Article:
Some of Sandi’s attempts to create press when he meets “the people” have, unfortunately, not gone to plan. In February, Sandi met a devastated onion farmer in Brebes, Central Java, who was crying poor following a slump in onion prices. The farmer turned out to be a former commissioner of the General Elections Commission (KPU) in Brebes. Last week the farmer was arrested for physically abusing a 71-year old man who was repairing a Jokowi campaign flag on the side of the road.
Similarly, Sandi was mocked on social media after he met a mud-splattered victim of flooding in Makassar, South Sulawesi, who appeared to have a completely clean back, prompting questions about how he got dirty in the first place.
These unfortunate events have been derided with the hashtag sandiwara (theatrical performance) – a play on Sandi’s name that highlighted that these were staged events. Things got worse, when Sandi’s mother leaped to his defence, earning him the reputation of being a “mummy’s boy”.
Given Sandi’s business background, it is not surprising that his campaign has focused on the economy. He has argued against making unrealistic predictions of growth (stressing 5-6 per cent is ample) and prioritised job creation, empowering small and medium enterprises and fostering entrepreneurship.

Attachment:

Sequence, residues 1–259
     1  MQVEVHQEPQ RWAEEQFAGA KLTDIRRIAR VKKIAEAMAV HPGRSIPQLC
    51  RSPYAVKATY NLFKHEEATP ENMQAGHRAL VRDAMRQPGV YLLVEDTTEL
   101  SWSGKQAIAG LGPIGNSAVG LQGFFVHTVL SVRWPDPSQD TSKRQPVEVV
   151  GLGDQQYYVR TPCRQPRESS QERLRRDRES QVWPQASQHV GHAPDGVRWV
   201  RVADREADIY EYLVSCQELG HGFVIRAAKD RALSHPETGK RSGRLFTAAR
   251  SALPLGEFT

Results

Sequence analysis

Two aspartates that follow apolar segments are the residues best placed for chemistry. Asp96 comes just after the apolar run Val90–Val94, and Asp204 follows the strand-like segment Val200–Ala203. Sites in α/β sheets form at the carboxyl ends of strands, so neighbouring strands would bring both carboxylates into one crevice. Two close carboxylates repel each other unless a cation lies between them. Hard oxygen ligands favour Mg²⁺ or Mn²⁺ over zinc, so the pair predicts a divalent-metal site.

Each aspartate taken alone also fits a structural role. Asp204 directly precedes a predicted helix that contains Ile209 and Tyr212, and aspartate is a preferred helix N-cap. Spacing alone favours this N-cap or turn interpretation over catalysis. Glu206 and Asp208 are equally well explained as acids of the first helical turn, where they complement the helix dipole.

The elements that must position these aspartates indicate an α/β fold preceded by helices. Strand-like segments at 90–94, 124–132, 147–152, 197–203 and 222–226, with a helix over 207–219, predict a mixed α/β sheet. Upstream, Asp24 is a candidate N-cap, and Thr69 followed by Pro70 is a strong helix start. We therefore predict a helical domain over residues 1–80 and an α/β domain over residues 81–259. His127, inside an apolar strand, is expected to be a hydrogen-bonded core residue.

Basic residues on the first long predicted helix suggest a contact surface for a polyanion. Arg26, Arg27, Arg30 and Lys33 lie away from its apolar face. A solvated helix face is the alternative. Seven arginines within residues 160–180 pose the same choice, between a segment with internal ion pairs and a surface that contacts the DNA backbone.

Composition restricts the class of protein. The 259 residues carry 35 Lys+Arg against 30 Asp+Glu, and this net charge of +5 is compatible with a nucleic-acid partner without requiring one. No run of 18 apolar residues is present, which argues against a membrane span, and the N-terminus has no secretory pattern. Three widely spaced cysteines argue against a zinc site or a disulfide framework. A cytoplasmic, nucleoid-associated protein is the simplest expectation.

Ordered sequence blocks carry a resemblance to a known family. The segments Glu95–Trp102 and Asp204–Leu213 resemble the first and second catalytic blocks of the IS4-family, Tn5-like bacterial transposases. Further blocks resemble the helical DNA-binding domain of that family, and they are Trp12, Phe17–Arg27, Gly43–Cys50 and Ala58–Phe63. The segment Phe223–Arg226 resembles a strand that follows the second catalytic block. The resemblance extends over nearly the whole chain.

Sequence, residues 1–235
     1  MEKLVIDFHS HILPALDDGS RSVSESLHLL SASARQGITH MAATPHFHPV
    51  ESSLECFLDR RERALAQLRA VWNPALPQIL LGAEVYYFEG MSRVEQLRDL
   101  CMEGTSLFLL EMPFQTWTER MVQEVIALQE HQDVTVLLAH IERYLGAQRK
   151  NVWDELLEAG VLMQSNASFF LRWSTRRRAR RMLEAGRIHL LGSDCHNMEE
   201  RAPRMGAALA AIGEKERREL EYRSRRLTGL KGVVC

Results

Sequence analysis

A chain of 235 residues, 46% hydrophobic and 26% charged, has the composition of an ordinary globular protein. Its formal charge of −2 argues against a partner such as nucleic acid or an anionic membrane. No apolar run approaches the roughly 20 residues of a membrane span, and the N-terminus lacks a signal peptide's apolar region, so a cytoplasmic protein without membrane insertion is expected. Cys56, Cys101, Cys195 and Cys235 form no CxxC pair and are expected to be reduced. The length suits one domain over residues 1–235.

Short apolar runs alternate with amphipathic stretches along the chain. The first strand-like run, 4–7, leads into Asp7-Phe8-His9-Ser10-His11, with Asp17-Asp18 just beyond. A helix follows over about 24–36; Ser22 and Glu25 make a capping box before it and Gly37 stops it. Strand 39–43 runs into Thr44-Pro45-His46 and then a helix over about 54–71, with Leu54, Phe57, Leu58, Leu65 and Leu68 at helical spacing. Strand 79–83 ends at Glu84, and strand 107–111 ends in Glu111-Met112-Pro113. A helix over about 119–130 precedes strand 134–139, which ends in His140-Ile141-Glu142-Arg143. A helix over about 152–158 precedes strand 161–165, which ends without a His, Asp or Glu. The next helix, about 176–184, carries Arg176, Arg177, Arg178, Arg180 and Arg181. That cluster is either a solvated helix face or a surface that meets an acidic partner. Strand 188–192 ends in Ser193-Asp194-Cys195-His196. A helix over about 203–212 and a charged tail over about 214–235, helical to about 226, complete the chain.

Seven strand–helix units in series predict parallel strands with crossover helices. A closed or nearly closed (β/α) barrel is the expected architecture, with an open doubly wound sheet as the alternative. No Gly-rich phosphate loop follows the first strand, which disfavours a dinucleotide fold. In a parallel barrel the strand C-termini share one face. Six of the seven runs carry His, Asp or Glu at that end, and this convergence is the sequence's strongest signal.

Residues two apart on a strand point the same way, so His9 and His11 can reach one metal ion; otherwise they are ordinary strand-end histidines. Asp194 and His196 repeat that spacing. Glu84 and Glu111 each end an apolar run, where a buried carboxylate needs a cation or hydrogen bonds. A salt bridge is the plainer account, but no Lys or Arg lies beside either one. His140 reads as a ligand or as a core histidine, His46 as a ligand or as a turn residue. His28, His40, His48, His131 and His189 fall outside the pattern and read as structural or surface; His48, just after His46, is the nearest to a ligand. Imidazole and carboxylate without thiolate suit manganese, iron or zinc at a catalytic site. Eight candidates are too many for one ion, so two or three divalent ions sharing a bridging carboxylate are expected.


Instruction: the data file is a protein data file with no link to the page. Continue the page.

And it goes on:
He has also pushed for revitalisation of the agriculture industry. Although he is supportive of food self-sufficiency, he has quite a pragmatic approach to trade, saying that the emphasis should be on keeping food prices stable. At times, this puts him at odds with the nationalistic posturing of his running mate, Prabowo.
If the polls are correct and Jokowi wins, that is unlikely to end Sandi’s political ambitions. This election campaign might turn out to be just a training ground for Sandi. Many think he may be considering a run for president in 2024, when Jokowi will be barred by the Constitution’s two-term limit on presidents.
This article was co-published with the Indonesia at Melbourne blog.
Banner image: By M Ibnu Chazar courtesy of Antara.